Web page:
Platforms may have been controlled by comparatively liberal Californians for the past few years. But as Elon Musk’s Twitter takeover demonstrates, when regime change happens, platforms’ speech rules can change overnight. In general, we should expect corporate decisions about online speech to be predictably shaped by economic motives, not by political conviction. Speech rules may be influenced by advertisers’ preferences, broader business interests, political expediency, and desire for access to markets outside the U.S. In the long term, those pressures seem likeliest to harm speech and speakers that are unpopular, marginalized, and politically or economically powerless.
Policymakers’ and judges’ political alignment on must-carry questions has shifted over time. The GOP platform long included opposition to the “fairness doctrine” for television stations. Republican-appointed FCC Commissioners deemed that carriage mandate unconstitutional, and President Reagan vetoed a bill that would have reinstated it. As recently as 1996, in Denver Area Educational Telecommunications Consortium v. FCC, Justices Thomas and Scalia expressed great skepticism about carriage mandates for cable companies, comparing them to the “government forc[ing] the editor of a collection of essays to print other essays.” Justices Ginsburg and Kennedy, by contrast, endorsed the dedication of cable channels for public use, invoking common-carriage or public-form doctrines.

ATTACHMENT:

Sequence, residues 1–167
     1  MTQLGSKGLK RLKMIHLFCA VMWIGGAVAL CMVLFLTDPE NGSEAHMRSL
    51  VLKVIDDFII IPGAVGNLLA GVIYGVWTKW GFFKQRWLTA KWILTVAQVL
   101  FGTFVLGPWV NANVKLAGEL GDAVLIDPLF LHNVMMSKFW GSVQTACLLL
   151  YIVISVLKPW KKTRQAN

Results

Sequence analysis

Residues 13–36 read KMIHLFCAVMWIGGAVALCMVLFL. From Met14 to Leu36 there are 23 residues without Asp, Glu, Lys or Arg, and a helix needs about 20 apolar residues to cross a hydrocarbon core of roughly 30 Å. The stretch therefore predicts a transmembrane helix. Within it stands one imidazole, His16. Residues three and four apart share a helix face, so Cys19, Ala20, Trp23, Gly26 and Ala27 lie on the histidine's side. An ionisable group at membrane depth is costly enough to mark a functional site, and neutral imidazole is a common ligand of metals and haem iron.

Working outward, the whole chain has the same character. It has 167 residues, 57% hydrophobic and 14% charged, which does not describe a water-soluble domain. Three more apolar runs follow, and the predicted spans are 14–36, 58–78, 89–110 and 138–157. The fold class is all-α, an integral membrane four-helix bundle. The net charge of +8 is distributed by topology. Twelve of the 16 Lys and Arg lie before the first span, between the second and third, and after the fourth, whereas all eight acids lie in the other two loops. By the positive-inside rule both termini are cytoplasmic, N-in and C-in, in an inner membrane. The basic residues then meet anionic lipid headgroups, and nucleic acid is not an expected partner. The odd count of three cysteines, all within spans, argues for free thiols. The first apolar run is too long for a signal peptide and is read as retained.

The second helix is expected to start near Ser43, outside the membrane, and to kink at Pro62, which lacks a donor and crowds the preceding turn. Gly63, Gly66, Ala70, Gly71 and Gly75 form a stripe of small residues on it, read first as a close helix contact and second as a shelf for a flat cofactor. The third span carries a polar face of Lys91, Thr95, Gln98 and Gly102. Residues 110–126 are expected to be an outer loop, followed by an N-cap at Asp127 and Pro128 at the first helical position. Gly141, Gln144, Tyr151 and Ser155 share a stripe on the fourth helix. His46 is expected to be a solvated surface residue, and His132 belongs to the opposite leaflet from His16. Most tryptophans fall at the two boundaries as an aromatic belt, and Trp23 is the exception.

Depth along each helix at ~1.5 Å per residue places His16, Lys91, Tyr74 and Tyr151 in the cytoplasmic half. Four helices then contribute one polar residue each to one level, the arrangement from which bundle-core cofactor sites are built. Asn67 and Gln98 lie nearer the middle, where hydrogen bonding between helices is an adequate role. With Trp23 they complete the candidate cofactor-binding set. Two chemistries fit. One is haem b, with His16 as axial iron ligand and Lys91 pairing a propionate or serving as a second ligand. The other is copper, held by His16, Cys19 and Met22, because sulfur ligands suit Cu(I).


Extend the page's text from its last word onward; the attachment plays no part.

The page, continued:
The political and legal landscape began to shift during President Trump’s time in office. Throughout the Trump administration, Republicans increasingly called for must-carry mandates for internet platforms. In 2021, Justice Thomas took the unusual step of writing about the idea in an opinion, framed as a concurrence to an otherwise pro forma order vacating the 2nd Circuit’s ruling in Knight Institute v. Trump. (That case, about state actors’ social media accounts, became moot when President Trump left office.) He suggested that lawmakers might constitutionally compel platforms to carry speech against their will.